Where Few Dare to Don

When most people take a vow it tends to be in a church, accompanied by their future spouse and a few too many distant relatives. Aunt Hilda has gone a little heavy on the punch, her bedazzled sweater dress becomes a spinning blur on the dance floor, and the bride can only ask herself, “Who’s Aunt Hilda?”

Sheena Matheiken, on the other hand, is decidedly more unconventional in her aims. When this Brooklyn native took a vow in May, it was not of matrimony but “an exercise in sustainable fashion” –- she promised to wear one dress for 365 days. In a mere three months since the birth of her sartorial venture, aptly named The Uniform Project, Matheiken has already begun making waves (well-groomed, immaculately adorned, and swoon-worthy waves).

Thanks to the power of the almighty internet, The Uniform Project has seen exponential and rapid exposure, which has helped to support Matheiken’s greater motive of raising money. Her charity of choice is the Akanksha Foundation, a non-profit organization that makes accessible “uniforms and other educational expenses” for children in need in India’s public school system. Much of Matheiken’s inspiration stems from similar beginnings having been schooled and raised in India, and she describes the process of modifying school uniforms with a certain nostalgic tone.

“Despite the imposed conformity, kids always found a way to bend the rules and flaunt a little personality. Boys rolled up their sleeves, wore over-sized Swatches, and hiked up their pants to show off their high-tops. Girls obsessed over bangles, bindis and bad hairdos. Peeking through the sea of uniforms were the idiosyncrasies of teen style and individual flare.” – Matheiken

Though the charitable efforts add a certain depth and purpose to Matheiken’s mission, The Uniform Project encourages consideration of fashion conventions -– namely the insatiable quest to buy more. If cord necklaces, patterned knee-highs, and vintage hats can change the look of a dress 365 times, maybe we do not really need to go shopping every season. By establishing the time frame of her project as one full year, Matheiken is already disregarding the constraints of Spring/Summer haute couture collections and Fall/Winter ready-to-wear runways. In the same way that a good novel engages the reader, so too does The Uniform Project beg a certain participation from those who browse Matheiken’s dynamic wardrobe. Visitors of the website cannot help but question the effect of fleeting trends on personal style. Of course the concept of reinvention is one that Matheiken perpetuates in her clothing, and in each daily transformation carefully recorded on her website, she is undoubtedly chipping away at our stubborn capitalist desires.

The project is at once both inspiring and admirable, personal and international. As Matheiken painstakingly chronicles her clothing adventure she renews our appreciation for accessories, challenges our understanding of style, and asks us to participate rather than spectate the world of fashion. Ultimately, The Uniform Project aims to balance the scales as Sheena Matheiken subtracts from her wardrobe in order to give to others. I hate to rely on the ever powerful cliché, but in this case the ol’ faithful rings true: remember ladies, less may just equal more.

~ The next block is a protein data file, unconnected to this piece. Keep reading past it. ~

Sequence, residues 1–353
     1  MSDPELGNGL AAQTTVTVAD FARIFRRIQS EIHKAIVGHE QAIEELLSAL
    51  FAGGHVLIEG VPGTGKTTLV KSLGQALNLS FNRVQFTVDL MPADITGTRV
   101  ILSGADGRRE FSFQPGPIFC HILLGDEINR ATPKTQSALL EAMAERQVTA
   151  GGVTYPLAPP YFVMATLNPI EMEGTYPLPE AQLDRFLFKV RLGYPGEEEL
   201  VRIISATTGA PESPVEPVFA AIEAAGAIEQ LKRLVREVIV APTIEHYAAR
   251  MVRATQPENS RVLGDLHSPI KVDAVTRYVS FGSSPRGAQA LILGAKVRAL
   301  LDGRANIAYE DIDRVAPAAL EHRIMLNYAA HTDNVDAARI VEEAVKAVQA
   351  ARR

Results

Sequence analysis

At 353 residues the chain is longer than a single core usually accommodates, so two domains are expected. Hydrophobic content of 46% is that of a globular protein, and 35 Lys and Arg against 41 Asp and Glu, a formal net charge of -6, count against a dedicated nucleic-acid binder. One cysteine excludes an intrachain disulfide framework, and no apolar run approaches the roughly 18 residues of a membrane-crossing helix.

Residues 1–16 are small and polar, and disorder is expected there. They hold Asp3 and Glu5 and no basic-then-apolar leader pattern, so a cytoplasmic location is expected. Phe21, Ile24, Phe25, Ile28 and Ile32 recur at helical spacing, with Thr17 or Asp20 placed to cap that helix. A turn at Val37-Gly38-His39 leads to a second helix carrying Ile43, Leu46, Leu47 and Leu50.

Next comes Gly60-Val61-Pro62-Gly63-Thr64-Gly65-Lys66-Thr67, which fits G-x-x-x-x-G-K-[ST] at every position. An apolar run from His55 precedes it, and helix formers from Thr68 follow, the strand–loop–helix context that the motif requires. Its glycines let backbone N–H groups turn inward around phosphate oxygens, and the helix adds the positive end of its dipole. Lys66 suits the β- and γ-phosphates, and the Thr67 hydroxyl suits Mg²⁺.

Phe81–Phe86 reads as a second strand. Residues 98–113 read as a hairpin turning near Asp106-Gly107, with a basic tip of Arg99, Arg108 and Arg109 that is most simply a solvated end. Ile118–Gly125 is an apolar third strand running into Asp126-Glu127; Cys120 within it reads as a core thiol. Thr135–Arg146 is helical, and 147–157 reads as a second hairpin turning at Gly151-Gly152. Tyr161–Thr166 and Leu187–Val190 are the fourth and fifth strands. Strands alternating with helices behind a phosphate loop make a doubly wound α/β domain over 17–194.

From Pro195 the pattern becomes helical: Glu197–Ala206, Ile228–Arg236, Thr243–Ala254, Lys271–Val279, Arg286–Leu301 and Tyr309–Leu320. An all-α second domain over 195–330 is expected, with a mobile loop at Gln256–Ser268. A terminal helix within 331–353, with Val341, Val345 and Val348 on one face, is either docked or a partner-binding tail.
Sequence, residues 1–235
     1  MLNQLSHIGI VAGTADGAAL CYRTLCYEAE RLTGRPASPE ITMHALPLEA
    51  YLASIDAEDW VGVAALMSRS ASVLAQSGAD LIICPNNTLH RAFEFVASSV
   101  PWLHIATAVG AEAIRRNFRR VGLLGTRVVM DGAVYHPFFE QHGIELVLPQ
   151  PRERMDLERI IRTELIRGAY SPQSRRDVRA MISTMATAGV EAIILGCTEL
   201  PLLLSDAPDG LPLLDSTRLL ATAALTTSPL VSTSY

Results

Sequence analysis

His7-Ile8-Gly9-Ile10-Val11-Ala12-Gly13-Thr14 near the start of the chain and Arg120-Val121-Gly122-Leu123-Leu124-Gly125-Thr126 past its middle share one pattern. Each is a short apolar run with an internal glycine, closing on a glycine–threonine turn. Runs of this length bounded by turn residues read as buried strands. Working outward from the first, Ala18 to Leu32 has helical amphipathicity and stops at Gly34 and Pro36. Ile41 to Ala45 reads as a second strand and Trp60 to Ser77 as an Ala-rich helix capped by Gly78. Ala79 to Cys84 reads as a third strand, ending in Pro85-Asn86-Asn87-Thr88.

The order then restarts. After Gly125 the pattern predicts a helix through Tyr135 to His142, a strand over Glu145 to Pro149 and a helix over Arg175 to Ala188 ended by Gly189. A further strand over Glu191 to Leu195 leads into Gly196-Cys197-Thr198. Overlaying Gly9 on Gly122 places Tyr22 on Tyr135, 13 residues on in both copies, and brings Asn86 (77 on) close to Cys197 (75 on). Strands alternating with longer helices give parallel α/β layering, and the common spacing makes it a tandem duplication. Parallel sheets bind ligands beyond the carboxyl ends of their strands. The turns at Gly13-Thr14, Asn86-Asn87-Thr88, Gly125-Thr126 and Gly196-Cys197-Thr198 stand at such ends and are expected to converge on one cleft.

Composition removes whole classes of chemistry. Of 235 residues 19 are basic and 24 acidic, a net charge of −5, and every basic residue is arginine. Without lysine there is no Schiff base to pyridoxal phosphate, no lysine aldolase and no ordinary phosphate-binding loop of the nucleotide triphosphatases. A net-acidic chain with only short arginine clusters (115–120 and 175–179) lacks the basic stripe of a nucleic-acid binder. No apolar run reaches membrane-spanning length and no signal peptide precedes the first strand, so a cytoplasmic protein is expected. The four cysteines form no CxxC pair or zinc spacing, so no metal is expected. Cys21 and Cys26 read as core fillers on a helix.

Matheiken encourages anyone and everyone to donate to her cause! What is great about the project is that she accepts hand-made, used, or vintage accessories in addition to monetary donations.

Donate money!
Donate accessories!

-Carmen Vicente

8 thoughts on “Where Few Dare to Don

  1. These pictures are mesmerizing! This girl is fantastic, not only to look at (!), but what an admirable and interesting project too.

  2. I literally just stumbled across the uniform project 2 days ago – and was gona suggest it for a post, so way to beat me to it! But this is awesome! Guess I should stop complaining when I think I only have a few outfits….:P

  3. I love this too! It’s so great to see creativity like this, for a good cause too.

    P.S. I wonder how much febreze she went through!

  4. This is definitely an interesting project, and I am keen to see what kinds of creative takes on that black dress she will come up with for 365 days, but I have to wonder if this is really an exercise in sustainability if she is still buying lots of new clothing and accessories to spruce up her uniform on a daily basis. After all, most of us wear a “uniform” every day, too, whether it’s our jeans and tees or a suit for work. We don’t have to keep buying new stuff every season, and neither does Ms. Matheiken, but it seems to me that this project actually encourages more consumption if she must invest in and invent new takes on the black dress every day.

    To me, the concept of sustainability means trying to curb your own consumption–even if all the things you want to buy are actually recycled. Plus, if you buy lots of things online and have to have them delivered to your door by a gas-guzzling, pollution-spewing truck or airplane, that isn’t really a sustainable approach, either.

  5. Alexandra, she actually has seven identical dresses — one for each day of th week.

    Laura, you bring up some very valid points. I think the fact that she encourages and seeks out used, hand-made and vintage accessories is the right direction, but like you say, perhaps an even more sustainable focus would be locally sourced goods. I think you should send her that suggestion!

  6. Regardless of how effective her sustainability is, I think her project provides positive encouragement for everyone to assess their own wardrobe and reconsider the habits, processes and consequences involved in getting dressed.

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